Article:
Less than a year before Singapore’s Gardens by the Bay project opens, the National Parks Board remarkably announces its environmentally-conscious vision to expand green space all over the country over the next 10 years.
Singapore is setting up a grand, green vision for itself as a nation. In the next ten years, the country aims to transition from being a garden city to a city surrounded by gardens. This includes increasing greenery and biodiversity to foster better, healthier places to live in. Poon Hong Yuen, the chief executive of the country’s National Parks Board, says:
The difference might sound very small, but it’s a bit like saying my house has a garden and my house is in the middle of a garden. What it means is having pervasive greenery, as well as biodiversity, including wildlife, all around you.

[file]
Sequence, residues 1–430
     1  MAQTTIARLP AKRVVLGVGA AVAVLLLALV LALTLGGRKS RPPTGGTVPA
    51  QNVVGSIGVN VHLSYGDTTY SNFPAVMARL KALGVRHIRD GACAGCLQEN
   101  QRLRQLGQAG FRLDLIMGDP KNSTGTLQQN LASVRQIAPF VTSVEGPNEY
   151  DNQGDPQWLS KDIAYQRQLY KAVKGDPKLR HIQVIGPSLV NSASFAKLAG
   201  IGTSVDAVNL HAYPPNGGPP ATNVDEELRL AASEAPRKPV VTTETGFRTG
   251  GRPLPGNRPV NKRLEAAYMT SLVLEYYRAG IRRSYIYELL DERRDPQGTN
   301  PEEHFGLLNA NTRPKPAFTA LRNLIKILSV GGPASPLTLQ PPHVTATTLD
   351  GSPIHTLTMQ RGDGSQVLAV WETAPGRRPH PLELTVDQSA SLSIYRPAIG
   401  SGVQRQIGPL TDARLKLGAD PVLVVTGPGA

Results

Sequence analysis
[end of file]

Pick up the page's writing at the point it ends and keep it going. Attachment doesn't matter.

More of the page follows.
The announcement was made last June, roughly a year before the tentative opening of the 1 billion Singaporean dollar (US $829 million) project called Gardens by the Bay, where biodiversity will play a significant role.
The first phase of the 101-hectare (250-acre), green site known as Bay South Garden, is set to open in June 2012. The National Parks Board hopes that newly resurgent species, including hornbills, kingfishers and dragonflies, will find a haven there.